1.5 out of 5 (poor)
In the three weeks since I watched The Favourite, I have realised that it is a truly awful film. Overdrawn in length, underdeveloped in its story and lacking any distinct creativeness, The Favourite does not feel like a film made by director Yorgos Lanthimos.
Drowning under a bevy of Oscar nominations, The Favourite is certainly living up to its name across cinema’s award lists. However, I was overwhelmingly disappointed by the whole affair. Compared to Lanthimos’ earlier films which both entertain and incite further thought, The Favourite was empty.
Divided into five acts, The Favourite is a hollow shell of spectacle and romp that amounts to nothing. The film fits into the bland period dramas which circulate across British television and are designed for middle-aged viewers to fall asleep to. Fixing its gaze on the typical British obsession with the aristocracy and their debauched behaviour The Favourite recounts the rise of lowly noble girl Abigail (Emma Stone) as she ingratiates herself with Queen Anne (Olivia Colman). At the same time as Abigail power grows, Queen Anne’s depression and her lesbian affair with Lady Sarah Marlborough (Rachel Weisz) is revealed.
The Favourite’s more interesting aspects are its study of Queen Anne and her relationship with Lady Sarah. Possibly scarred by post-natal depression, Queen Anne’s bouts of mania are denoted by the camera’s switch to a fish eye lens as her mind, or the strain of power itself, visually warps her reality. For the supreme ruler of England, Anne melts back into childhood while around Sarah who never truly reveals whether her affair with the queen is for love or for power.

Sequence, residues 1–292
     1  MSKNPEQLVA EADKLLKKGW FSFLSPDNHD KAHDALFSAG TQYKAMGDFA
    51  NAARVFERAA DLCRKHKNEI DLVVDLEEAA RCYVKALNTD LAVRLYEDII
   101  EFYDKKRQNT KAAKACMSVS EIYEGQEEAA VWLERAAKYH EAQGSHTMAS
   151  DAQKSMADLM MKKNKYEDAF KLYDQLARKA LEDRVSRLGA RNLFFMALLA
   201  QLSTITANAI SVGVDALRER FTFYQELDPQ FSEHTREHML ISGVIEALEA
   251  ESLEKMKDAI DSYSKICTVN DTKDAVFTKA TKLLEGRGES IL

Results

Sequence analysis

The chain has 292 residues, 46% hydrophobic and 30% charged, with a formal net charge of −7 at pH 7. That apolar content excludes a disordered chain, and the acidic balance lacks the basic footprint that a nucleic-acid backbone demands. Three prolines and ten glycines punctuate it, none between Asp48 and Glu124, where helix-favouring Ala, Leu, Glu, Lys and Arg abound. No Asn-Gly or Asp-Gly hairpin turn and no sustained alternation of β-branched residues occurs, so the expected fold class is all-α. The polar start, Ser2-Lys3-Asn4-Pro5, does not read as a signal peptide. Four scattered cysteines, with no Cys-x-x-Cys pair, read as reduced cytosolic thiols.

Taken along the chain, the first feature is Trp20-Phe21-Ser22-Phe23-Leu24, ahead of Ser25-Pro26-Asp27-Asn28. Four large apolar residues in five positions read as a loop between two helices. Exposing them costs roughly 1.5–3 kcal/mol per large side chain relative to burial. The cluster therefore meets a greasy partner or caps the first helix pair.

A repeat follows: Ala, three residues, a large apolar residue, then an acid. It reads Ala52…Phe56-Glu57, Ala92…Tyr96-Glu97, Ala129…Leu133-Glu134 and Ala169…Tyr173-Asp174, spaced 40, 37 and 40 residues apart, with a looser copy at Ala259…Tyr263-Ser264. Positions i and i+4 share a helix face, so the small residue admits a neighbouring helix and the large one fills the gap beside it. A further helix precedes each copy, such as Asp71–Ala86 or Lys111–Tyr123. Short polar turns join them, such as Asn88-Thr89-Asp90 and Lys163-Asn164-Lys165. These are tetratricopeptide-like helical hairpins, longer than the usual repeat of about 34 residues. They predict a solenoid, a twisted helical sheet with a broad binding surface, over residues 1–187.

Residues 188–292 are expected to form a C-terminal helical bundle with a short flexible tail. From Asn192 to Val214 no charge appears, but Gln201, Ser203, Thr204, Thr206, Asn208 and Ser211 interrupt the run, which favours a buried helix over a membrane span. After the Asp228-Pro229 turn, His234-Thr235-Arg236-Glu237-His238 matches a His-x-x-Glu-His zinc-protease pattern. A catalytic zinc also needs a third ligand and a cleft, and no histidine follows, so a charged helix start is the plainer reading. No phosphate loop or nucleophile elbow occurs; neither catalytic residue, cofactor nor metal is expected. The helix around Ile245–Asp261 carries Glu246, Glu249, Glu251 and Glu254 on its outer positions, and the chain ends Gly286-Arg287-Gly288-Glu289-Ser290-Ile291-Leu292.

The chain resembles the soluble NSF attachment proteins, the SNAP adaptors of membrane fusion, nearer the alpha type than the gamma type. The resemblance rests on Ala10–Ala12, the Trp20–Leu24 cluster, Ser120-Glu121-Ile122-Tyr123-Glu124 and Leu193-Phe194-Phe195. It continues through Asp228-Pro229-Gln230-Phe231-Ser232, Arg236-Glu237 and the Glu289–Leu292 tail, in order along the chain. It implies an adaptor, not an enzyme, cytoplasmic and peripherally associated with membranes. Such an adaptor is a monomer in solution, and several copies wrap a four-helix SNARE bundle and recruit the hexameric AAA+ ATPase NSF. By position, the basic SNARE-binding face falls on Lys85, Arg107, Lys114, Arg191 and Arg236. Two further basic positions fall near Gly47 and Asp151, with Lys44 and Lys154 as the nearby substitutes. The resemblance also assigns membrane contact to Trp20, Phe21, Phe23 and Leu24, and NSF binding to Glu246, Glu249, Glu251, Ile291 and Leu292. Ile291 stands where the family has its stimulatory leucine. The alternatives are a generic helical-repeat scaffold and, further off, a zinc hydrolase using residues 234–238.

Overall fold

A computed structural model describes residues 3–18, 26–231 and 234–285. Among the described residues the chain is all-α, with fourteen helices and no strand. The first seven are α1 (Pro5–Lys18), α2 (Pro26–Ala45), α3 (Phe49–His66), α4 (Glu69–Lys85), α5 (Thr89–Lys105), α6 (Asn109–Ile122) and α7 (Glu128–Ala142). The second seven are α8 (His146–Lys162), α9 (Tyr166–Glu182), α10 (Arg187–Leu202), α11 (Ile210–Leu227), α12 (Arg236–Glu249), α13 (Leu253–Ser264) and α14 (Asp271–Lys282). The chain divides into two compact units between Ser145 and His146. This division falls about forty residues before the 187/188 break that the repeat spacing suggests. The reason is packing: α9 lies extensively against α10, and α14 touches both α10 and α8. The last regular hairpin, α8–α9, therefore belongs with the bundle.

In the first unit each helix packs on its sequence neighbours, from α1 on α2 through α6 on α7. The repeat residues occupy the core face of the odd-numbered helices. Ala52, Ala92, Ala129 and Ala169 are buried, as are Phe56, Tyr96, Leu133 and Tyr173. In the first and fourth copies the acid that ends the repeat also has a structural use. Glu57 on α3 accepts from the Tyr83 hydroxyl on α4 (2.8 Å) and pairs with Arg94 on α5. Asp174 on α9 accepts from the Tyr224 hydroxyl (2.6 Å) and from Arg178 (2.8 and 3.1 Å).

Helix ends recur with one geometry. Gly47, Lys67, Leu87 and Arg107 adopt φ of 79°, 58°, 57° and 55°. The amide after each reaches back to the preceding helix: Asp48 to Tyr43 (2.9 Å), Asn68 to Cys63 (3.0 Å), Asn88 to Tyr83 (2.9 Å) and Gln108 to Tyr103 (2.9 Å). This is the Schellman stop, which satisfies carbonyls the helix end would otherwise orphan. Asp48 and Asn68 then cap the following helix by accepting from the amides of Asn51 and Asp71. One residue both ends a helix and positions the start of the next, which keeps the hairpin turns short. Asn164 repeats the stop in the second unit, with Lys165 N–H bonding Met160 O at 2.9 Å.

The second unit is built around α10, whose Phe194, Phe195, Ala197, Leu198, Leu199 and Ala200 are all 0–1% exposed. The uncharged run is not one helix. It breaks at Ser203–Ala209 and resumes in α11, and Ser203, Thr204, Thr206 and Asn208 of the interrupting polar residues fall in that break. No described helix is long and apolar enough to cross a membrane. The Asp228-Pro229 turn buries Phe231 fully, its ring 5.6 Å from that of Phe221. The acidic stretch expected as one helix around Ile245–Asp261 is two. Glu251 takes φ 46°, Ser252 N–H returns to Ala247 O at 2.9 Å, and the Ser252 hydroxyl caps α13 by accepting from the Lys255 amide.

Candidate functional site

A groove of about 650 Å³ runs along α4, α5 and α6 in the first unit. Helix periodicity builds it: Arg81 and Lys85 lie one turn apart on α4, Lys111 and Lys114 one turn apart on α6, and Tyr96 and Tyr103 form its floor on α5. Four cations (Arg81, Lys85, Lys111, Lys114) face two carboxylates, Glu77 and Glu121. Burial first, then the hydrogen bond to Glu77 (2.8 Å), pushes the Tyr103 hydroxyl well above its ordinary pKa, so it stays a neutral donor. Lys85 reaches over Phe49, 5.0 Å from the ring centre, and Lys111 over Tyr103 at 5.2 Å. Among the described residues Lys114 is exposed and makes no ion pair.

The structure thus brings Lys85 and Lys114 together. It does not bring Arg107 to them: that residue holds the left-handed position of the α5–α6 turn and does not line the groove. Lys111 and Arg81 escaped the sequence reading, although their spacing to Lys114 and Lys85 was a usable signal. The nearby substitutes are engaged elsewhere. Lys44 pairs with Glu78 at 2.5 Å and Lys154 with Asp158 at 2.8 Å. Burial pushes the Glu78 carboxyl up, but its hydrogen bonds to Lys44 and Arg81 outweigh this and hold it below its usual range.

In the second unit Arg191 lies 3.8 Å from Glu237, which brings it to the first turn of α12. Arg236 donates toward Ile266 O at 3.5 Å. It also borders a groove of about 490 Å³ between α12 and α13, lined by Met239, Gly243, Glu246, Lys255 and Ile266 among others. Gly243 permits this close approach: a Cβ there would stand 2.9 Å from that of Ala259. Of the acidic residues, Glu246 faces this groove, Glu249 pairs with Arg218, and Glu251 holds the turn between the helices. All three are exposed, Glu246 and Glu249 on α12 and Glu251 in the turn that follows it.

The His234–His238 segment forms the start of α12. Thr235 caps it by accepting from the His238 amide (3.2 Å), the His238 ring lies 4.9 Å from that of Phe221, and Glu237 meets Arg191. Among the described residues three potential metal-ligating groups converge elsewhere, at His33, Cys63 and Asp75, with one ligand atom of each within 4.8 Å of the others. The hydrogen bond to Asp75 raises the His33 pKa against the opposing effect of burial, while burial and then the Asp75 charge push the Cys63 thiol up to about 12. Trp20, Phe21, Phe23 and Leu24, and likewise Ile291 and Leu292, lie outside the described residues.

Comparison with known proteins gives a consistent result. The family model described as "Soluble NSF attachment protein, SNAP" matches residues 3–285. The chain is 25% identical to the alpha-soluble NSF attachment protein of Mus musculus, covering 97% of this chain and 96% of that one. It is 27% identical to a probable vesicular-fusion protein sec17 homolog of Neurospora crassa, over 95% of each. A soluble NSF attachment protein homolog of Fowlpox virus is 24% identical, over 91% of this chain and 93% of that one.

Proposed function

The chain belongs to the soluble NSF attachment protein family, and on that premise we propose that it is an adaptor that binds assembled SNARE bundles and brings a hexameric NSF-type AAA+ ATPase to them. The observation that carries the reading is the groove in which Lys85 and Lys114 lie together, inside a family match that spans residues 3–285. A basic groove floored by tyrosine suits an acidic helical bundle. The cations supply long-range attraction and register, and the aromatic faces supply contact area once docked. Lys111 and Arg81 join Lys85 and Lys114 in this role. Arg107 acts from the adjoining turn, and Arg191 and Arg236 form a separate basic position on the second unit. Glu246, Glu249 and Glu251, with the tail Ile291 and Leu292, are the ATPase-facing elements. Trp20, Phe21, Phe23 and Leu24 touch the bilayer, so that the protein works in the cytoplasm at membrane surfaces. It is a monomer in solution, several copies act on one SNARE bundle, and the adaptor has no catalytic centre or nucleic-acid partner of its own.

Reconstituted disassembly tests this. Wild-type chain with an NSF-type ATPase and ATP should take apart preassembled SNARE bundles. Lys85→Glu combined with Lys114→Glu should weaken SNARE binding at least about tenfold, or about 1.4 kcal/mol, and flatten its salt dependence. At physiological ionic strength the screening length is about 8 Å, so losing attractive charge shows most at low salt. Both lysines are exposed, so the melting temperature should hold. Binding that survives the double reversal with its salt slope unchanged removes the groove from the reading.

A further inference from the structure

For all its positives, The Favourite is exceptionally boring for the bulk of its run-time. Concluding Abigail’s arc by act three, The Favourite pointlessly continues for another two acts. There is neither consequence nor catharsis in act four or five of The Favourite. Nothing happens in these two extra acts, which were either created for Lanthimos’ vanity or as DVD features which then slipped into the film. I lost all patience with The Favourite’s flat humour and its overwhelming focus on the oddities of Stuart England. Abigail’s rise is foreseeable from the start, and besides the odd joke The Favourite consists of conversations chock full of antiquated language, lavish parties, and noblemen marching across the same corridor to Queen Anne’s apartments.
Emma Stone cements her position through The Favourite as one of Hollywood’s most overrated actresses. Arriving to Hampton Court flustered and muddied, her English accent is a curdling impression of received pronunciation, embodying the narrow worldview many Americans have of England being London, green fields, Mary Poppins and cockneys. I did not stop wincing at Stone’s accent because she improved, but because everything else in the film worsened.
Do not bother with The Favourite.
By Saul Shimmin
For the trailer, see below